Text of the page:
Recently, I was at a networking event chatting with other executives when one caught sight of a casually dressed younger gentleman across the room. He pointed out the jean wearing Millennial and related, with annoyance, that he has an employee who keeps showing up in sandals to work.
There was a pause in the conversation where he anticipated that we would agree with him. Instead, I asked about the employee’s work performance; he was stunned by the question. He replied, “Actually… he is a hard worker.” I mentioned that Einstein was well known for refusing to wear socks and that I would hate to be the person who let Einstein go from a job because of a wardrobe choice. I am not sure he agreed with me, but perhaps he might look at that one Millennial a bit differently from now on.
So, I ask the question, who are the Millennials? Well, the answer depends on who you ask, doesn’t it? There are no precise dates for the Millennials or Generation Y (as they are also called), but individuals born between 1980 and 2000 fit most lists. Doing some quick math, that makes most Millennials between 17 and 37 today, which is a huge age range.
I am a part of Generation X and I often feel bad for Millennials. They have been labeled with words like entitled, lazy, impatient, and self-absorbed. The Millennial generation grew up in an electronic filled world, which makes them special but also makes it easy to overshare negative descriptors. When my dad, who was a part of the baby boomer generation, wanted to complain about his kids he did it with his two friends over a 25-cent cup of coffee at the diner. Afterwards they would go their separate ways and that would be the end of it. Today, if I want to complain about my Millennial daughter, I just change my Facebook status with those opinions for all the world to see while sipping on my $5 Mocha Frappuccino. The benefits of a digital world are a blessing and a curse and the Millennial generation is caught in the middle.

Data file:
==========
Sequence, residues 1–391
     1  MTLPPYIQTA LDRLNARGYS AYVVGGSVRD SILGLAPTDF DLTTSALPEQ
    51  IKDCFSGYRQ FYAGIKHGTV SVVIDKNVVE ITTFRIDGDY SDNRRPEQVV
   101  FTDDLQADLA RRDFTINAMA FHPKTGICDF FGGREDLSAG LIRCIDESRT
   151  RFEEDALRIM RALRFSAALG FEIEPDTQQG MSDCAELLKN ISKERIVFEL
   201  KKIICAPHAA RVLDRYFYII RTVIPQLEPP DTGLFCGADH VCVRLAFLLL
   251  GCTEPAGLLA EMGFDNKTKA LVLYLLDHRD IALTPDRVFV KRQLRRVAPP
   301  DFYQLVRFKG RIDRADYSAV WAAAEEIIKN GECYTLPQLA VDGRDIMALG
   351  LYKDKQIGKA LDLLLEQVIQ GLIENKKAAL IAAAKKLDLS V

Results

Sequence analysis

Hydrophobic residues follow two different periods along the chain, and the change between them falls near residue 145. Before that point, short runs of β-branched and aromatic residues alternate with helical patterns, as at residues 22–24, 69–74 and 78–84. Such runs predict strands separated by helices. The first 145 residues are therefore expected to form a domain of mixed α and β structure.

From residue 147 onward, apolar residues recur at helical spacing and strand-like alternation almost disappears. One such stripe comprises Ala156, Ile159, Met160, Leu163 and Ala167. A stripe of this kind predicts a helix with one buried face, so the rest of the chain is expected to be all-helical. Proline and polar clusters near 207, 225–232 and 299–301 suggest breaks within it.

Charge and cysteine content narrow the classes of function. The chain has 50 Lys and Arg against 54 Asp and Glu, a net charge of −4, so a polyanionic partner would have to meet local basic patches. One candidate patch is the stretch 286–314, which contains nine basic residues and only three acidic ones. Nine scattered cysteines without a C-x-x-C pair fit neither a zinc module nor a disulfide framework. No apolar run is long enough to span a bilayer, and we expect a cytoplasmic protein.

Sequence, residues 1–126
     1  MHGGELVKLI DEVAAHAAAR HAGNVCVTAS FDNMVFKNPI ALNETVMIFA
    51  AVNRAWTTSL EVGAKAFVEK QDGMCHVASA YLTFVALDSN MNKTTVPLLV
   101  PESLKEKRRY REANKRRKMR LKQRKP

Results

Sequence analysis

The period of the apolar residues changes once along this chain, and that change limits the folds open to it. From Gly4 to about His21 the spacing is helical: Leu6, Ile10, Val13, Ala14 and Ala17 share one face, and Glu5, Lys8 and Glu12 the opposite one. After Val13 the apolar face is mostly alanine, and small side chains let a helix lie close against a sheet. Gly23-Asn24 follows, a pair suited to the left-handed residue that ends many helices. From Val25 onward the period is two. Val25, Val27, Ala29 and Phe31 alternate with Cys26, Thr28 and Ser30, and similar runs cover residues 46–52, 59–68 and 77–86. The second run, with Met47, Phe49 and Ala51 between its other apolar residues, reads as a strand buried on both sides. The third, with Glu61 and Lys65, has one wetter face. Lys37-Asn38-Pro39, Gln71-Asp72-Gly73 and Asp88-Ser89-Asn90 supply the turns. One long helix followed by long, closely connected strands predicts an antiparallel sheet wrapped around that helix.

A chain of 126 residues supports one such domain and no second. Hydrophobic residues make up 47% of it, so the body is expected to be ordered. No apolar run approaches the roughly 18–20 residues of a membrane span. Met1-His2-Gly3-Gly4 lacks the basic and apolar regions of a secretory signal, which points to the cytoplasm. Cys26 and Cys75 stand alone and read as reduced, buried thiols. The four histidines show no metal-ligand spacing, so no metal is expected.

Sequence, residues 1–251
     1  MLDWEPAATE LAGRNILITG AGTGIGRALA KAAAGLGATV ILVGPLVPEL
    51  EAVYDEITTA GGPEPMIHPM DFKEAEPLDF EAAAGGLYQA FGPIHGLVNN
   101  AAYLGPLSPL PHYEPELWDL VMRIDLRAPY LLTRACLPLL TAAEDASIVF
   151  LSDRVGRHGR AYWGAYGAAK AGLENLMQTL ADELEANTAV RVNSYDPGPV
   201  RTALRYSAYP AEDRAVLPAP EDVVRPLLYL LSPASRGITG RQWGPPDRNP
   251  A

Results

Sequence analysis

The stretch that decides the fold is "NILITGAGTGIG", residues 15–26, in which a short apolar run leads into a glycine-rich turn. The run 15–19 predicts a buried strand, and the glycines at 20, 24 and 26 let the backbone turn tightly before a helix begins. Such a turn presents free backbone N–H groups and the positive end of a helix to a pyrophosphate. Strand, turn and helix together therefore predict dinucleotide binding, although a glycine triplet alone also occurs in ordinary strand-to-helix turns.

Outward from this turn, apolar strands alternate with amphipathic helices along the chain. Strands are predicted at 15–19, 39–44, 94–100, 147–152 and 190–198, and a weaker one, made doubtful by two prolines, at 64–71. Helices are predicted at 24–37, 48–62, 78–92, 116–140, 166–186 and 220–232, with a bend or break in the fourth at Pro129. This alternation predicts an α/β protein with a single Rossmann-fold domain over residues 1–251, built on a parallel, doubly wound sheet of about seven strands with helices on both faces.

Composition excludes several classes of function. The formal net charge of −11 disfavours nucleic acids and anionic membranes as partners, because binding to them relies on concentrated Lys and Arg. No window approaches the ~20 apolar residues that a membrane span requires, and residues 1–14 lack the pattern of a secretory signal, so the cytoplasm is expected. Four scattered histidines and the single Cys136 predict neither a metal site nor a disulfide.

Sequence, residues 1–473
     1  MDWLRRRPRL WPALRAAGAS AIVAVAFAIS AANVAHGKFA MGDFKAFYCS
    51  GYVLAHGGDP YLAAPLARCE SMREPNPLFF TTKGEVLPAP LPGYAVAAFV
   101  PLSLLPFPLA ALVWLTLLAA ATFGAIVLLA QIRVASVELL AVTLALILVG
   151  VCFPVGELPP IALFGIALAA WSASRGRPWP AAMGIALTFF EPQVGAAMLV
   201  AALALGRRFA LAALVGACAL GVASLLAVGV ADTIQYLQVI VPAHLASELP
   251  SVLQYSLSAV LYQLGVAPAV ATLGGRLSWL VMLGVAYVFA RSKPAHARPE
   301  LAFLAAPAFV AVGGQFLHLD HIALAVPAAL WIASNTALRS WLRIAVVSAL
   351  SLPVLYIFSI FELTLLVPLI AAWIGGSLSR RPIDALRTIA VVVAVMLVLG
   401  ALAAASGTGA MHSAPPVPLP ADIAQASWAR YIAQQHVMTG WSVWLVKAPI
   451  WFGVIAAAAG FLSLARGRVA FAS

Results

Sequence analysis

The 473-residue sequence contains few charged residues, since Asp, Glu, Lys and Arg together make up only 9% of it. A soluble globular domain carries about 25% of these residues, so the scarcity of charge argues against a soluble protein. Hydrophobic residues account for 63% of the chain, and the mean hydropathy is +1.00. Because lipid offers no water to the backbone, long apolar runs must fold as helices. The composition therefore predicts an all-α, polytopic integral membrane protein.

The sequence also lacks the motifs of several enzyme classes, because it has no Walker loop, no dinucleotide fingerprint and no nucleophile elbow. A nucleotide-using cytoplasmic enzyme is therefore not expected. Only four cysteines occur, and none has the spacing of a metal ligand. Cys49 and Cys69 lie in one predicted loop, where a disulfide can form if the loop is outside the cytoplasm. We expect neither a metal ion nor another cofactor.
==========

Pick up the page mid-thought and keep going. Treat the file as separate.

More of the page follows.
Generalizations about generations can be tricky business. A Millennial could be a 17-year-old high school senior about to go off to college OR a 37-year-old parent with 2 kids, both are within the same generation but are going to have some serious life differences. However, researchers and social scientists use generational age cohorts to understand how shared life experiences shape both behaviors and views of the world. Although the day to day lives of young Millennials may differ from an older counterpart, research shows both are more likely to live comfortably with technology and embrace personal choice in marriage and politics.
When Millennials topped Baby Boomers as the largest generation by population count, businesses faced two major impacts:
- Millennials became the largest workforce in Q1 of 2015 with 53.5 million strong.
- Millennials will account for 30% of retail sales by 2020 making them the dominant buying generation.
Given this information, all businesses will need to look beyond the negative generational stereotypes and focus on understanding Millennials. This generation has already impacted business and will continue to change how businesses manage everything from hiring to marketing to customer service.
This is true not only within individual companies, but across many different industries. Working in software development, Millennials shape our world daily. Many of our best and brightest developers are members of this generation. They taught themselves to code before schools could find teachers with the skills to offer programs. They seamlessly move between computer languages with a fluency that would impress any United Nations interpreter.
Fortunately, they also have strong feelings on their generational identity and are willing to share opinions on the good, the bad, and the inaccurate. I’ve had the opportunity to work closely with Millennials and engage in related discussions that demonstrate what they hate about this stereotype, what they agree with, and what makes them tick.
We help companies redesign their software to outpace the competition because we understand the Millennial marketplace. We see the unique value of Millennials in the workplace – and we understand that they are here to stay. In order to help other businesses, we will delve into different aspects of this generation on our Millennial Mondays. We hope you will join us. See you next week!